He cites Germany’s Sparkassen, savings banks that are governed in the public interest although not state owned. These banks have explicit social as well as financial objectives and by charter must lend, invest, take deposits, and offer universal banking services only in a particular local region. “You can see in pure economic terms that these banks have a very positive influence on the local economy and in terms of social impacts,” says Greenham. “They prevent people from falling in with illegal money lenders and they tend to be quite responsible in the way they market credit. The Sparkassen are real world examples of good banking practice where there is an explicit focus on social values that has created profitable outcomes. These banks may earn only 6 or 7 percent on equity compared with the 12 percent or more targeted by shareholder owned banks but they made it before the crisis and have carried on making it through the crisis as the giants of global finance crashed into large losses.”
Greenham also takes the view that regulators should require banks to report details of every project to which they extend financing as a first step to giving the public an understanding of the environmental and social impacts of their core business practices. “When you challenge a bank or bank regulators on this point they say it is not the job of a bank to dictate the behavior of its client companies. I just think that is an odd view,” he says. “It is a bank’s job to manage the risk of the people it is lending to. To say that the social and environmental impacts of their clients’ activities have no bearing on that risk is simply bad business, let alone an abdication of responsibility in a moral sense.”
It’s Greenham’s maintains that a real reform of the banking system will not take place before another systemic financial collapse. “Who knows what might prompt it but it will be required before people really start with a clean piece of paper and say this isn’t working, we need to radically restructure,” he says. “The reaction to 2007-08 has been tinkering at the edges. Stopping large banks having proprietary trading desks is good but does it change much overall? This does nothing to curb useless speculative activity elsewhere in the system. If Goldman Sachs invents a new derivative product and someone wants to buy it then the conventional wisdom is that no one should stand in the way of that. It is capitalism. A real shift in that mentality will take another crash.”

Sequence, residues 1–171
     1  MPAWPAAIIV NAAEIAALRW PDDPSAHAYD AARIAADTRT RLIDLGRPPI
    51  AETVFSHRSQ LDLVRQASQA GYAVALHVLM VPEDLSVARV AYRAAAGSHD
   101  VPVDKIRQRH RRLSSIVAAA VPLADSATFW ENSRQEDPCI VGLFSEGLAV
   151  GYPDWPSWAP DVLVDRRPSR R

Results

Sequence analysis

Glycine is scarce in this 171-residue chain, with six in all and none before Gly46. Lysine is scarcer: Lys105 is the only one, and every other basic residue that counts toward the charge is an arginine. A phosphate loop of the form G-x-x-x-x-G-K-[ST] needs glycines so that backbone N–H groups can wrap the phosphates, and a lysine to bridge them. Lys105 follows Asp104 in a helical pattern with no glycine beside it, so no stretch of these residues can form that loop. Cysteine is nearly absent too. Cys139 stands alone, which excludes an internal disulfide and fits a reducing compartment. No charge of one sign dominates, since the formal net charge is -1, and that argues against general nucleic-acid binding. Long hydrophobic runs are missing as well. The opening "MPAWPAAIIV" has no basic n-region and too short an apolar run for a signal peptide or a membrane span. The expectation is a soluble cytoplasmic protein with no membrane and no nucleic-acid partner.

Greenham also falls into the camp of those who are skeptical of technological fixes to climate change and resource scarcity. Nor does he believe innovation will allow the economy to continue on an infinite growth path. “Holding that belief has profound implications for interest-bearing debt and the growth economy required to sustain it,” he notes. “ A growth economy can mask an awful lot of societal problems. It allows you to put off addressing issues like the distribution of wealth and income and the distribution of power within an economy. If you take the view that the economy cannot continue to grow exponentially you have to really confront the idea that consumers in the west are going to have to consume less to leave space for consumers in the east and south to consume more. That is quite an explosive message and not a popular one. But I think we need to confront that reality and have an honest discussion with ourselves in the wealthy northern and western countries.”
Greenham sees a business as usual future characterized by a continuing deterioration of financial and economic security and real income for the ordinary working family. “The focus for the world economy over the next 15 years has to be about sharing resources more equitably,” he reports. “We can’t paper inequities over with exponential growth hoping that if everyone gets just a little more everyone will be happy. So the issue will be how can what we already have be more equitably distributed. There is always the danger that people will say that to get growth going we need to cut the size of the state, deregulate everything, cut welfare programs and that will make us all richer. That is the debate that is now playing out. If the latter free market economics wins then everything will get a whole lot worse before it gets better.”